Christmas is over! I, for one, am relieved.
Don’t get me wrong, I like Christmas. I’m not The Grinch, by any means. I’ve been whistling Jingle Bells for weeks, and had fun decorating the tree and wrapping presents. There were parts of celebrating the holiday with young children that were pure magic.
But I also find the whole thing completely overwhelming, and am excited for the return to normality.
I’ve never pushed Santa on the kids. I’ve always told him that he is just a story, but that it’s a fun one that lots of people like to tell. They know he’s not *REALLY* real, but they like to believe in him anyway.
So on Christmas Eve, before we tucked the kids in bed, they laid out homemade cookies and a beer (I find milk super gross so we convinced the kids that Santa is lactose intolerant) along with a carrot for Rudolph.
Then we read bedtime stories and closed our eyes to wait for Santa to arrive.
Daddy went outside on the pretense of checking on the chickens, and a few minutes later, we heard REINDEER BELLS JINGLING OUTSIDE THE WINDOW (*GASP*) and BOOTS CLOMPING ON THE ROOFTOP (*OMG!*).
The kids were ecstatic. Even I, knowing that their dad was outside making all the racket, got caught up in the excitement.
They were so overjoyed about hearing Santa and the reindeer that we could barely get them to close their eyes. It was beyond adorable and I will hold that memory in my heart – of snuggling under the covers together, speaking in hushed whispers about what Santa might put in our stockings – for a long, long time to come.
At the crack of dawn (which is when my kids normally get up anyway – they’re crazy like that) we grownups started mainlining coffee (no, really – if Coffee Drip IV was a thing, I’d totally have one) and the kids started opening gifts.
After last year, I learned a few lessons about the whole opening-gifts-at-Christmas-with-children thing. With little kids, what inevitably happens (due to their short attention spans and their inability to delay gratification), is that all the presents get opened with the speed and force of a hurricane, with gifts and wrapping flying everywhere, and barely any attention paid to the actual contents, until we are surrounded on all sides by the detritus of dozens of carefully wrapped and thoughtfully purchased or made gifts.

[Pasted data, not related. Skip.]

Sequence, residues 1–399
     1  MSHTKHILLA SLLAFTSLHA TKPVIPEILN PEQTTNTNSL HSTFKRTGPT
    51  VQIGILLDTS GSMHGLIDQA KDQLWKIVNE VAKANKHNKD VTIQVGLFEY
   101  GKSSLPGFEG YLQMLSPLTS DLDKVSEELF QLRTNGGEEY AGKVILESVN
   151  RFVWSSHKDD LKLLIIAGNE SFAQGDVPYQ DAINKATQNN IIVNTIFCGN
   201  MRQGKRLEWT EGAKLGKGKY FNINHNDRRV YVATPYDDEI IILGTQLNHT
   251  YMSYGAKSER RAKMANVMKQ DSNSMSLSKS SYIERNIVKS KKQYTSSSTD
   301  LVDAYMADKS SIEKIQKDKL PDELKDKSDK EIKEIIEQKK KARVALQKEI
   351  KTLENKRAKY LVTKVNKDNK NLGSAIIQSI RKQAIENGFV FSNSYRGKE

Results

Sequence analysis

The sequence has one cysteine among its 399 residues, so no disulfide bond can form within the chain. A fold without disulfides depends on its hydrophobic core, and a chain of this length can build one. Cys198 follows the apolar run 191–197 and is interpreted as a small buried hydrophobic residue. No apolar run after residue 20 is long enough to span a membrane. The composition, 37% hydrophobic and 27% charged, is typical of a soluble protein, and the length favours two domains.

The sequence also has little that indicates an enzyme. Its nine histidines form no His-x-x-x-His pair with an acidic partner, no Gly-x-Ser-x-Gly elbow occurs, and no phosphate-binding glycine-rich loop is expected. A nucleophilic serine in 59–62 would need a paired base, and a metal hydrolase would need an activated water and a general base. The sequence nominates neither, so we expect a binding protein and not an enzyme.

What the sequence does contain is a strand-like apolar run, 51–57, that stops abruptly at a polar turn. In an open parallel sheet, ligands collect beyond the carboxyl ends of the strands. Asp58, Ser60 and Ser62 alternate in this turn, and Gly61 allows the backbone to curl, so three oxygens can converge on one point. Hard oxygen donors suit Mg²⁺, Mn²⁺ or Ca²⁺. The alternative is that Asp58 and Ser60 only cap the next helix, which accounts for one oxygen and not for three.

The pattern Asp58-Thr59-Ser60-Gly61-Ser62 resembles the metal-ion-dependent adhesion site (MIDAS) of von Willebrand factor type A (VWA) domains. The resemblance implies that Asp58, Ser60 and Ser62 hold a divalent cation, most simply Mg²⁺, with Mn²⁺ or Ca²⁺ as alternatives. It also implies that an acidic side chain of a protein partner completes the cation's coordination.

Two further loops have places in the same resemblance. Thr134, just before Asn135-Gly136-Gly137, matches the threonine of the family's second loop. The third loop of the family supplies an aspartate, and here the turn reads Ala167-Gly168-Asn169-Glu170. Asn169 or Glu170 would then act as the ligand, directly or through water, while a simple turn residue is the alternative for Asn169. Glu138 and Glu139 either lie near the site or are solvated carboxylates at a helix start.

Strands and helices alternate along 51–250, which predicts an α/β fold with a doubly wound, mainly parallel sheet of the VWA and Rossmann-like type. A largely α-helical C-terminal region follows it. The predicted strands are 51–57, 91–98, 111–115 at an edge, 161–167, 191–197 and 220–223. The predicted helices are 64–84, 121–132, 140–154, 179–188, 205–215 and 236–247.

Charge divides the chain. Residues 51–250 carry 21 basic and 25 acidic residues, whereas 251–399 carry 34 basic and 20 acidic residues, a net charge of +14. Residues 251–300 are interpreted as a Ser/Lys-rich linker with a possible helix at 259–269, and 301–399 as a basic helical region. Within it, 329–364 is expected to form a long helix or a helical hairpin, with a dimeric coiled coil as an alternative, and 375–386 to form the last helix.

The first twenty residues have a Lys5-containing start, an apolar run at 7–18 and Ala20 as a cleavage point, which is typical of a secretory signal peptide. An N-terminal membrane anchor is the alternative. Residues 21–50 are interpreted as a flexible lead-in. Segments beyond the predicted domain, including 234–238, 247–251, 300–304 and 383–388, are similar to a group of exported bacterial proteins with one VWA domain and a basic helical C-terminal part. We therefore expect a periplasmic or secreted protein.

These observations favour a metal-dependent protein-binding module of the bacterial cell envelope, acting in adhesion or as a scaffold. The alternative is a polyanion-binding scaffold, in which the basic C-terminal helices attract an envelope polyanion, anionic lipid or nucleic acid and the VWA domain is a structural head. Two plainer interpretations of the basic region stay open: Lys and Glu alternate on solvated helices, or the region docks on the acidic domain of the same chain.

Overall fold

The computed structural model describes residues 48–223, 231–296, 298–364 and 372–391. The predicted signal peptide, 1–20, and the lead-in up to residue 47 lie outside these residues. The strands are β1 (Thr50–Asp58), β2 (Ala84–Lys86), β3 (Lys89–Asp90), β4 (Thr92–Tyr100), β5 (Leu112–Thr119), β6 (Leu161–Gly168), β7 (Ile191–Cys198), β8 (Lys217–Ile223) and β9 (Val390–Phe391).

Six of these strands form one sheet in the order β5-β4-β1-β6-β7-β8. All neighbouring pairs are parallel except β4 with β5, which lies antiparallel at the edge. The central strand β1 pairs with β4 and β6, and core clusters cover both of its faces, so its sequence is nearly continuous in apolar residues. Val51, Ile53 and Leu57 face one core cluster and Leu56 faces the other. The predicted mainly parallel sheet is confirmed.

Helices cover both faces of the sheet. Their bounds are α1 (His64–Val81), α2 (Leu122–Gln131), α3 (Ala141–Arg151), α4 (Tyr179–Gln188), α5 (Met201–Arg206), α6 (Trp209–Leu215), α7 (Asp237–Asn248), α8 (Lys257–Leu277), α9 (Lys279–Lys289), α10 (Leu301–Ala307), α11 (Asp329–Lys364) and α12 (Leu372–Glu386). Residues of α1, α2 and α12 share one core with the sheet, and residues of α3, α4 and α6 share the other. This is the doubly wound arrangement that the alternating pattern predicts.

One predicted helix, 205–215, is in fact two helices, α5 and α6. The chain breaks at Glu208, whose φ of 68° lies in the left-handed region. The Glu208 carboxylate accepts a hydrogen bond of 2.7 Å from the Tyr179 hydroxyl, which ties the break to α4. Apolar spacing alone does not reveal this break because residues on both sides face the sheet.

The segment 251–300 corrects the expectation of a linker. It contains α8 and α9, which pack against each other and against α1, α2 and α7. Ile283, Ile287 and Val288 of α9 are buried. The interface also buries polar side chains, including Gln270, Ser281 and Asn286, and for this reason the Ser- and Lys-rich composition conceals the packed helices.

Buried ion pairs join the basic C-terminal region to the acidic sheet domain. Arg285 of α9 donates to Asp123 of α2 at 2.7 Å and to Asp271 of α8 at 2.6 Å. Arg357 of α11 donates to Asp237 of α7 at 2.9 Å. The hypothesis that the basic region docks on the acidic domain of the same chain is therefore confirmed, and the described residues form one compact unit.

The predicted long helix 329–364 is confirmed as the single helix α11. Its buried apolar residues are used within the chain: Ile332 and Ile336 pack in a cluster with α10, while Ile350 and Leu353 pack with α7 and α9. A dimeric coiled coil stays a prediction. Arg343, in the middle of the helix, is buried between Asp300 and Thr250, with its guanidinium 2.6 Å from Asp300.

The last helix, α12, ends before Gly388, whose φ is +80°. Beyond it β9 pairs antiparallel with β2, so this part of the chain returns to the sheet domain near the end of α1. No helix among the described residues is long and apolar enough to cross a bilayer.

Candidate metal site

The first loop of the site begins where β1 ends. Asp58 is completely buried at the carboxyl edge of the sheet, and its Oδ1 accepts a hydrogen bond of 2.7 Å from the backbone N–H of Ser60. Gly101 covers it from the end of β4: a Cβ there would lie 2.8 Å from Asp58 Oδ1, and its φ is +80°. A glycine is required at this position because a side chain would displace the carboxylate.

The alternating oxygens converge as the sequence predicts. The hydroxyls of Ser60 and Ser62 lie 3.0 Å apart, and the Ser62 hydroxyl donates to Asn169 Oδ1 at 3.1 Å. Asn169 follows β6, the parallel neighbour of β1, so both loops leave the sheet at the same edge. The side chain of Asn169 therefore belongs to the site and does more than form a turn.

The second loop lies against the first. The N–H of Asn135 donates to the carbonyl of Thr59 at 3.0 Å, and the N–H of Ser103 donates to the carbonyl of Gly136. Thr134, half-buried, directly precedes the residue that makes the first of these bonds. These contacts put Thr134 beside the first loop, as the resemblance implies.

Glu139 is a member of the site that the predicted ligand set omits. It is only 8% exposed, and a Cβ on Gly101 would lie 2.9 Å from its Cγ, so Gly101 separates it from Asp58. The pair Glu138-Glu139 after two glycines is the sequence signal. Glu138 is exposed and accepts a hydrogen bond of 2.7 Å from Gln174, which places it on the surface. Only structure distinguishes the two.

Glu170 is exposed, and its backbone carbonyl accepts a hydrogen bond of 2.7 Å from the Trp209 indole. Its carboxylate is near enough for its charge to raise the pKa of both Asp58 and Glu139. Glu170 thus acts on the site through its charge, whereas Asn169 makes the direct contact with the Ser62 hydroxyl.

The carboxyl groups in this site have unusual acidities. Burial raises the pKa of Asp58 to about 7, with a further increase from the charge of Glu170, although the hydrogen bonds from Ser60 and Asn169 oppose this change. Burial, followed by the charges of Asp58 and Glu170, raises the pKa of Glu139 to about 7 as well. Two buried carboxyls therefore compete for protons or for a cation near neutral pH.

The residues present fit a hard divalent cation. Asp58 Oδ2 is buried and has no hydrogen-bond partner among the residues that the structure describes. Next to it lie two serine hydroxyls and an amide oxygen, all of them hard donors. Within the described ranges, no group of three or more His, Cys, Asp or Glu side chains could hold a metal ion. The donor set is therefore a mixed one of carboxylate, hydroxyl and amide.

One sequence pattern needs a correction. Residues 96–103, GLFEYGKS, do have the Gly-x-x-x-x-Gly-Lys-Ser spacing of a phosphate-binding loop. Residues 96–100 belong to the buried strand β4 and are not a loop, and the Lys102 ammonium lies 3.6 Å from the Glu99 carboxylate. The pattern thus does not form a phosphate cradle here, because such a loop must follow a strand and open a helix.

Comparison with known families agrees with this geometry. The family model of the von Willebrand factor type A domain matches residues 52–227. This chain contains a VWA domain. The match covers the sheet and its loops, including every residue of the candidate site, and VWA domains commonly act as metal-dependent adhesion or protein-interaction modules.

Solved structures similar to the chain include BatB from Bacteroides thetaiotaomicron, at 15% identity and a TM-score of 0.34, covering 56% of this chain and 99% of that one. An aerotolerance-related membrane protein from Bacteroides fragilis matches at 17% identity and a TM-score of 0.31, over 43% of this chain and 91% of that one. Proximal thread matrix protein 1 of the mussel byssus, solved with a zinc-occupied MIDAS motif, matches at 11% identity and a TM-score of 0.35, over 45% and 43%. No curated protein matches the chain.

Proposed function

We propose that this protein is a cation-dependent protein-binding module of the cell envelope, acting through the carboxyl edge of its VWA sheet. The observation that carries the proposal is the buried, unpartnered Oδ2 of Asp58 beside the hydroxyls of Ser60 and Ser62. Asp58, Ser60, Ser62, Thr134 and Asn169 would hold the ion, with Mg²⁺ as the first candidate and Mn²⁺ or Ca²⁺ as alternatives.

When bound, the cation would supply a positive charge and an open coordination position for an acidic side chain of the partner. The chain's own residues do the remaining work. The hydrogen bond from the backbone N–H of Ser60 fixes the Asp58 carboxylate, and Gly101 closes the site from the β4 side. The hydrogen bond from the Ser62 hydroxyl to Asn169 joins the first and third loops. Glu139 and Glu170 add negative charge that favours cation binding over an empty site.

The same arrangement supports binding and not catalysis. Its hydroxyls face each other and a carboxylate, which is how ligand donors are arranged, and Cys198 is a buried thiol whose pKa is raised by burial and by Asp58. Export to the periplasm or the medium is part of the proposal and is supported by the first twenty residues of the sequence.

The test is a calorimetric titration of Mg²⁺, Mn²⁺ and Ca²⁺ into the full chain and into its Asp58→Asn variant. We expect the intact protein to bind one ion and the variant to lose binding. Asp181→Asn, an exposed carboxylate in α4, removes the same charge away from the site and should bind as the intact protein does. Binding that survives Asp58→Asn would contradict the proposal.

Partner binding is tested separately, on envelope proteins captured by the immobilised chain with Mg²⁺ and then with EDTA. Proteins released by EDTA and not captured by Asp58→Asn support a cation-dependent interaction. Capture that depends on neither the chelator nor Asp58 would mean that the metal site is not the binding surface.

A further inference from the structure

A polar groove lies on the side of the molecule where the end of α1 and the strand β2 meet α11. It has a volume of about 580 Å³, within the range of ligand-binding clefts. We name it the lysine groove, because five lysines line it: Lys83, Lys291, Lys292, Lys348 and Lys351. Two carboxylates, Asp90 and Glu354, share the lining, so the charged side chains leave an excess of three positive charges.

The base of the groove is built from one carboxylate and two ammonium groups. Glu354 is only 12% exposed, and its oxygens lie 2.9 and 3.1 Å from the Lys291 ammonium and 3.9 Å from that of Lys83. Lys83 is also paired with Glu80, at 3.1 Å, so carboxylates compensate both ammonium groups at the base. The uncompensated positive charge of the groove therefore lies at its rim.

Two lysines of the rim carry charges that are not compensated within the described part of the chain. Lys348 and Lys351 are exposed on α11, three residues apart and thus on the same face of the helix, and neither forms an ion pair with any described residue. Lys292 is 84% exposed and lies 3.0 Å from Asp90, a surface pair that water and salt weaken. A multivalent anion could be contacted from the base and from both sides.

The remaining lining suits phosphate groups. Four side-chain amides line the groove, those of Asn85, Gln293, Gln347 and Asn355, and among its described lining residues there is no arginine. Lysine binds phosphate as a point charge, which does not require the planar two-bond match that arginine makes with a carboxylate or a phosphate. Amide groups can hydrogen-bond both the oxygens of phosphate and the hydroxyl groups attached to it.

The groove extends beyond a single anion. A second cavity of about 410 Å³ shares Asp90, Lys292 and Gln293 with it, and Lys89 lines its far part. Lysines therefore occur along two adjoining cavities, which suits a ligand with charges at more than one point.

It makes me crazy. I’m a “clean as I go” kind of person. I like to tidy messes before they become unmanageable, so I was getting a nervous tick just anticipating opening presents with the kids. So much wrapping, so much trash, so many new toys that I now need to organize and find homes for.
This year, I bought my kids one thing: games. Just loads and loads of games. Living way out in the country where we are surrounded by several feet of snow for what seems like the better part of the year, and frequently lose power for hours – or days – at a time, we know a little about passing time during the long, cold days of winter. We play outside in the snow as much as possible, but some days it’s just too cold, wet, or icy to spend much time outside, so games are essential.
A few months ago I stumbled across this post: Forget Candyland! This Is the Best List of Board Games for All Ages and basically put every game on the list in my Amazon shopping cart. I ended up purchasing most of them for Christmas, with a two-fold intent: stocking up on our preschooler-friendly games to help keep us entertained during the winter, and giving gifts that be enjoyed while we are all hanging out together on Christmas.
So, this Christmas, I let each kid open one gift at a time, and then we’d all play the new game together as a family. It was hard work keeping them focused, but it really help prevent the chaos of opening everything all at once (*twitch, twitch*).
We used teamwork to build towers of blocks before the Stack Smasher could get them:
We looked for clues in Richard Scarry’s Busy World and rode a ferry to Picnic Island:
We had tea parties:
We made masks:
We learned strategy:
And we took breaks to go outside and enjoy the sunshine and fresh air. We sledded and built snowmen and got rosy cheeks and built up our appetites for cookies and hot cocoa with marshmallows.
I, for one, had a fantastic holiday. I managed to find a way to deal with the consumerism and commercialism of the holiday which typically drives me nuts, and we were able to focus on spending time together as a family – which, for me, is what the holidays are all about. That, and wine. The kids, of course, had a blast. (That’s basically their sole job in life right now, is to have a blast, 24/7. They’re expert-level blast-havers.)
And I accomplished my mission of having loads of kid games on hand:
I hope all of you enjoyed a happy, healthy, and heart-filled holiday. There is much to be appreciative of, and it’s always nice to have a moment to stop and soak in the gratitude.
Happy Holidays from Moose Poop Acres to all of you. ~